Ransomware has been spectacularly successful. Stories abound of enterprises stockpiling bitcoin in anticipation of attack and of frequent capitulation to attackers. But it is simply the latest iteration of digital extortion — its forebear being denial-of-service (DoS) attacks.

In the 1990s, for example, criminals would threaten online gambling firms with crude DoS attacks unless they paid a “protection” ransom. This tactic was remarkably effective during prominent sporting events, such as the NFL Super Bowl. The earliest ransomware attacks were crude but successful, but as defenses improve criminals are being forced to innovate.

Unfortunately, they have many new extortion opportunities because our digital devices live with us, often attached to our bodies like an extra limb. Their microphones are in range of our intimate conversations, their cameras directed toward our most private activities.

When activated, they could capture confidential negotiation positions for a billion-dollar corporate acquisition, or the most intimate moments between a married couple. Our devices are also littered with artifacts that betray our consciousness. Our browsing history and email correspondence can reveal our innermost thoughts. Indeed, there has perhaps never been a greater source of intelligence on any one person than his or her digital device.

Our greatest vulnerability

Criminals have yet to exploit this rich source of intelligence at a human level. Attacks have focused on credit card theft or encrypting data for ransom.

In the near future there will be a much more prominent flow of blackmail coursing through the arteries of the criminal body. Attackers will steal documents, browsing histories, mail repositories, photos and videos, as well as activate the microphone and camera to capture intimate activities of their victim. In aggregation, this will provide a rich portrait of the victim and will be as good a dataset as could be wished for by any blackmailer.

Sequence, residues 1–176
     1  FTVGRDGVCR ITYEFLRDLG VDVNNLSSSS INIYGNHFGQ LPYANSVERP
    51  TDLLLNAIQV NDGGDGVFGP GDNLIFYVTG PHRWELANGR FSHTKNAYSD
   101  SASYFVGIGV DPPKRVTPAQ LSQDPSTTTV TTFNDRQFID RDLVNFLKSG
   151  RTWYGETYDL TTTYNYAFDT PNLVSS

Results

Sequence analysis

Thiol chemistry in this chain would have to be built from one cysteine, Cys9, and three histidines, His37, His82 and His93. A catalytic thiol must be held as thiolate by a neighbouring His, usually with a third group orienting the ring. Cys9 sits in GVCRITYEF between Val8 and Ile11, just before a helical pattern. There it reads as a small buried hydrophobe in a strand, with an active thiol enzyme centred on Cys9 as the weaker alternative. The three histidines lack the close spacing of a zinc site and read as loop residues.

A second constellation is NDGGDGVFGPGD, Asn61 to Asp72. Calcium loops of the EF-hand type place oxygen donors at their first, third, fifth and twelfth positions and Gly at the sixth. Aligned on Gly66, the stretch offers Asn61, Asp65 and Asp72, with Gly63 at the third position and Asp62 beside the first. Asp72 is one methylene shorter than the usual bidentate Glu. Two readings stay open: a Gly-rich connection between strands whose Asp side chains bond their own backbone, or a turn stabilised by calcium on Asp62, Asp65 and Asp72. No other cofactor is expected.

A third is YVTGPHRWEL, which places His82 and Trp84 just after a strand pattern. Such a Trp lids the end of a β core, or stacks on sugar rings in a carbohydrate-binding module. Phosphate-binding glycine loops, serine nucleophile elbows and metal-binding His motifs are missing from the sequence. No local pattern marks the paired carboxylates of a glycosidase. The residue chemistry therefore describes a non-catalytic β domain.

Coercing payment

With a ransomware attack, criminals will first ask for full payment to destroy their data haul. If the victim refuses, the criminal will likely release a subset of the data to the target’s contact list to incentivize payment. A further escalation could then be to post the files online.

Given the sensitivity of conversations, videos and documents that could be captured, the victim will likely pay the ransom. The internet remembers. That memory could be to the detriment of future personal and professional relationships.

The potential of brand damage will be particularly incentivizing where enterprises are concerned. In many cases, given the potential to extract higher ransoms, criminal organizations will dedicate resources to manually assessing their data haul from enterprise executives to ensure the ransom is commensurate with the sensitivity of the data. Even when paid, there is no guarantee that the data will be destroyed.


The best defense will be to prevent the criminal from ever reaching the endpoints. When this is not possible, data loss prevention (DLP) solutions should help to identify data leaving the network.

Enterprises can also benefit from less data being stored permanently on the endpoint and more being stored in cloud architectures. However, because of unreliable WiFi connectivity, many traveling professionals will prefer to trust their own machines over access to a cloud.

Old-school solutions should also be embraced: A simple cover over a webcam when not in use can remove the threat of webcams being activated. Enterprises also should ensure that their incident/crisis response playbooks include such scenarios. The worst time to be debating who is in charge and what the company’s extortion policy is, is when you’re under fire.

This is part of a series of articles from DXC Labs | Security that explores how threats we confront are likely to evolve, and the countermeasures we should be preparing.